Category: social media scam

Twitter Work at Home Scam

There is a common scam on Twitter you receive either a direct message or see a tweet that claims to offer easy ways to make money on Twitter.

If you follow this up – it leads to an e-book containing lots of ways to make money with no outlay.

You may choose to buy the e-book and hope it will give you the means to make money from home with little time or effort.

There may be no book – just a simple scam, but quite often there is a book which the victim receives and it’s not what was expected.

The guide to making money does contain a list of ways to make money on Twitter but they are either unsuitable or impossible for the vast majority of readers.

e.g. “create an information product and sell it on twitter”, or ”offer services on Twitter then use the Fiverr website to get the work done for you cheaply then charge a higher price to the victim” or “Get businesses to sponsor you for making tweets”.

Plus, the scammer has your name, address and credit card details and may well sell that information to other criminals who will steal from you.

Twitter scam entices users with opportunities to make money from home by tweeting about other people’s products. Those who fall for the scam pay a small sign-up fee to get a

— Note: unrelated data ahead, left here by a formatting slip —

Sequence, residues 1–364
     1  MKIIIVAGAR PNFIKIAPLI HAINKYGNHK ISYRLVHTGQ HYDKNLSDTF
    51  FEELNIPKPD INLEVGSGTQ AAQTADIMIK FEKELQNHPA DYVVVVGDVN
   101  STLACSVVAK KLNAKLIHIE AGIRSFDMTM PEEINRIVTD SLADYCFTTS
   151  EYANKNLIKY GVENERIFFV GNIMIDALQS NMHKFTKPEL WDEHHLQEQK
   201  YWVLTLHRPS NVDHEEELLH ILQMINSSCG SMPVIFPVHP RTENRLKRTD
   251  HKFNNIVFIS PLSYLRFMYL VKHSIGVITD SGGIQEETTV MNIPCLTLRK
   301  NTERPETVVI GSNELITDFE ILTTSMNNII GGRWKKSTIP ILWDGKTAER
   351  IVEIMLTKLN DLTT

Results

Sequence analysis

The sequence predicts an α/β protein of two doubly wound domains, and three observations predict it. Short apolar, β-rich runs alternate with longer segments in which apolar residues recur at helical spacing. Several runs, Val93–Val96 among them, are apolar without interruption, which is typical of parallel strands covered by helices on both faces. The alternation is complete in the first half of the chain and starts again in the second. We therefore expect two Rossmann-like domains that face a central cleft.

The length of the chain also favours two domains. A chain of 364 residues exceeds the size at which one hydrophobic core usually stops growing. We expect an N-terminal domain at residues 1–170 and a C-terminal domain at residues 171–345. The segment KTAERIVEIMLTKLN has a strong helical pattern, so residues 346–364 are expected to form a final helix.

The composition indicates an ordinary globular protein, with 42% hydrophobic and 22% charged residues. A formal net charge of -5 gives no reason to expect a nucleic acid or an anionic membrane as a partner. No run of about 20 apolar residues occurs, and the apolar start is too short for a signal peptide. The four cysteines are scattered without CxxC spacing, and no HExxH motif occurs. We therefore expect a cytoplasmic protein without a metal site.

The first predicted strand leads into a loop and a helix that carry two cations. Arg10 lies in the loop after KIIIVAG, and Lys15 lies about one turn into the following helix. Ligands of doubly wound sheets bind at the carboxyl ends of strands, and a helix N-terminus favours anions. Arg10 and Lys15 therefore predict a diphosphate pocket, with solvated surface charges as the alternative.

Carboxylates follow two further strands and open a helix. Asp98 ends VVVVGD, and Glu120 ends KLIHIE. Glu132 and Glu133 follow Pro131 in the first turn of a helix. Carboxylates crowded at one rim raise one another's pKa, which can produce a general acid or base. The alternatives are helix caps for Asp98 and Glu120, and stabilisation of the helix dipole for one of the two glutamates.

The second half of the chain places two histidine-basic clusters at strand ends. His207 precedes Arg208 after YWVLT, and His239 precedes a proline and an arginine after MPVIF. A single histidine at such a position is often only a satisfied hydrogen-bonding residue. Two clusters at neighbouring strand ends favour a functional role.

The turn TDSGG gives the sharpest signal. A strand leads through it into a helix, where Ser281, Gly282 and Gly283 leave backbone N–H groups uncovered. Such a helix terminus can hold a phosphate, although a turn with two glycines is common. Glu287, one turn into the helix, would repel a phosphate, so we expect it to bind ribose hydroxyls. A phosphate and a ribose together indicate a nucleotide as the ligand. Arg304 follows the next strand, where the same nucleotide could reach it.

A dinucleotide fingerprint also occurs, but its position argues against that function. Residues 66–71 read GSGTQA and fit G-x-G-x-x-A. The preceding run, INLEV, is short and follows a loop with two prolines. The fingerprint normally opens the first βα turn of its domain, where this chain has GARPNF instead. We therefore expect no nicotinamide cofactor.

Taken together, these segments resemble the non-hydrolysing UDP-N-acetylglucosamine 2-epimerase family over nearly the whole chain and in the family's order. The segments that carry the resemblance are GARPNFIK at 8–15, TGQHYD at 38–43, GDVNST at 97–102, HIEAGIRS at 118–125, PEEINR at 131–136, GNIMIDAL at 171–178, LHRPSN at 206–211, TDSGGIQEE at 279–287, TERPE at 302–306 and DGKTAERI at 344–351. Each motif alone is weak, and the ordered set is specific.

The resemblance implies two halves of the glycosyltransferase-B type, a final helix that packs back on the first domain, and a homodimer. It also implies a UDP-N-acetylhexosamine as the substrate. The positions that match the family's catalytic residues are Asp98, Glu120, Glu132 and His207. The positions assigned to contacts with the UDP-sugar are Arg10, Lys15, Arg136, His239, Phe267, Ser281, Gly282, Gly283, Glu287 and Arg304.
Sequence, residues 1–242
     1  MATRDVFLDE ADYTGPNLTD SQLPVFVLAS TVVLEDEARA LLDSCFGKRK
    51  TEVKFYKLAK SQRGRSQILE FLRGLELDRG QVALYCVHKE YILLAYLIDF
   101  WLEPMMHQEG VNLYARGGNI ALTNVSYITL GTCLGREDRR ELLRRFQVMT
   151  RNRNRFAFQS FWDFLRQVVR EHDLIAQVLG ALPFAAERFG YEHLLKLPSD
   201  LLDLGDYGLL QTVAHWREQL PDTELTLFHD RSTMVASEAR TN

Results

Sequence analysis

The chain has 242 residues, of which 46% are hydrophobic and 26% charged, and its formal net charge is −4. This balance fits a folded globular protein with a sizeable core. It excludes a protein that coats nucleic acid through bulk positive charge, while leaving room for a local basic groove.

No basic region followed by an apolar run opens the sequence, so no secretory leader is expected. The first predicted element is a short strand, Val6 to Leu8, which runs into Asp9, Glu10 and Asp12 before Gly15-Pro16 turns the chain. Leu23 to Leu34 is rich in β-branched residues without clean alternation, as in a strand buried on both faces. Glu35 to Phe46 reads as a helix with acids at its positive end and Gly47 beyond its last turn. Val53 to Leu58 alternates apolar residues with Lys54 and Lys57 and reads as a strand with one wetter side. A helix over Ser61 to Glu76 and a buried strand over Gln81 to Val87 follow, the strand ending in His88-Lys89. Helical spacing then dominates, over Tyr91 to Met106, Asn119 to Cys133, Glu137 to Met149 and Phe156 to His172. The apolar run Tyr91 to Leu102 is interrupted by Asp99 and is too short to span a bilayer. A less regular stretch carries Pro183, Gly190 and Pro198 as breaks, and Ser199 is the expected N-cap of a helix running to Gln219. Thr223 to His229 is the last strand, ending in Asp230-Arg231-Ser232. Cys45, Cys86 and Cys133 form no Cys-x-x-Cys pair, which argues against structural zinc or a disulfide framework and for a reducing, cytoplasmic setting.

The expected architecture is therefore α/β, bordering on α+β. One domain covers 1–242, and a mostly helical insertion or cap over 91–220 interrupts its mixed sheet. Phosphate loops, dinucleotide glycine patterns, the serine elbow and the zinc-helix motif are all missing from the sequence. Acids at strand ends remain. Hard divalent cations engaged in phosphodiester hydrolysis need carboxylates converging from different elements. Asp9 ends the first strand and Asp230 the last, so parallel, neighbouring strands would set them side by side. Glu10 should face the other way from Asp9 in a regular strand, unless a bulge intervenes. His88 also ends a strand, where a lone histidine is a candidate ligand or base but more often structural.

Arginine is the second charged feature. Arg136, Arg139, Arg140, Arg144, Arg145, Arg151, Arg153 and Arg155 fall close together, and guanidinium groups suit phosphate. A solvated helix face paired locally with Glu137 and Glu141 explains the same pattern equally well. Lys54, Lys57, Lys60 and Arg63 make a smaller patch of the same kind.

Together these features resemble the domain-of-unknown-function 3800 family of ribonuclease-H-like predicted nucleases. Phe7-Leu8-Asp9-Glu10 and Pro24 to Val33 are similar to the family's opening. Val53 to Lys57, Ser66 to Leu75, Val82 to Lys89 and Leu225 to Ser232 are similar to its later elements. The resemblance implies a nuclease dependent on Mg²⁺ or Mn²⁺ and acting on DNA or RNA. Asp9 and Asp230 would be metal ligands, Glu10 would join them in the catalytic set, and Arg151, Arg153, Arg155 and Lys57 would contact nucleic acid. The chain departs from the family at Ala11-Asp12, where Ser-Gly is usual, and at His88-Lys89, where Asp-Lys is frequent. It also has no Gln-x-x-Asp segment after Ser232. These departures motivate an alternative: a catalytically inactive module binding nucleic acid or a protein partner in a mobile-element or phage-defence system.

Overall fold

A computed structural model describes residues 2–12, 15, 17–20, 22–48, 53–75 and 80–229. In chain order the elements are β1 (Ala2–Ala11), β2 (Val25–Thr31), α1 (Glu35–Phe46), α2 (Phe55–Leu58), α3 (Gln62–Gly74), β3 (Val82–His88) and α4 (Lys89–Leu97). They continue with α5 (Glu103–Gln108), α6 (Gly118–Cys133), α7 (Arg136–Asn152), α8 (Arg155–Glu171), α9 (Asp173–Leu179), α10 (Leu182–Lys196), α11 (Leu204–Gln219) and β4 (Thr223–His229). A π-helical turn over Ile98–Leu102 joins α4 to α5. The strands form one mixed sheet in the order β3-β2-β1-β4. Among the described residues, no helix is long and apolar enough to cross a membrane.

“The end user ends up forking out money to do this work and they pay money to some rogue company,”. “But once you’ve paid for the CD, they now have your credit card number, and they can just keep charging that card each month.”

That is exactly what they do. Many victims report that after having purchased the starter kit, they were charged a hidden membership fee of $50 USD or more every month thereafter. In most cases, the victims had no choice but to cancel their credit cards.

The bogus messages appear as both direct messages and regular Twitter updates that attempt to induce users into visiting fraudulent websites punting supposed opportunities to make thousands for little or no effort. The dodgy messages link to supposed news articles on the opportunity.

Cleverly these articles would appear to come from (often made-up) news outlets near a prospective mark’s geographical location.

If you have any experiences with scammers, spammers or time-wasters do let me know, by email.

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Google Hangouts Scams

Google Hangouts is messaging, video chat, and VOIP features. It replaced three messaging products – Google Talk, Google+ Messenger and Hangouts.  Google has announced that it will be for replaced sometime in 2020.

Unfortunately, Google Hangouts can attract undesirables, because users are largely untraceable.

Sometimes, people with malicious intent ask you to use Hangouts because you cannot trace them. Hangouts provides them with a way to hide and be in control. If someone you just met online wants to switch to Hangouts for conversations, then be careful as they may be a scammer engaging in conversation as a prelude to the scam.

If you get an invite that seems suspicious, you can block and report that user by clicking on “reject” on the invite.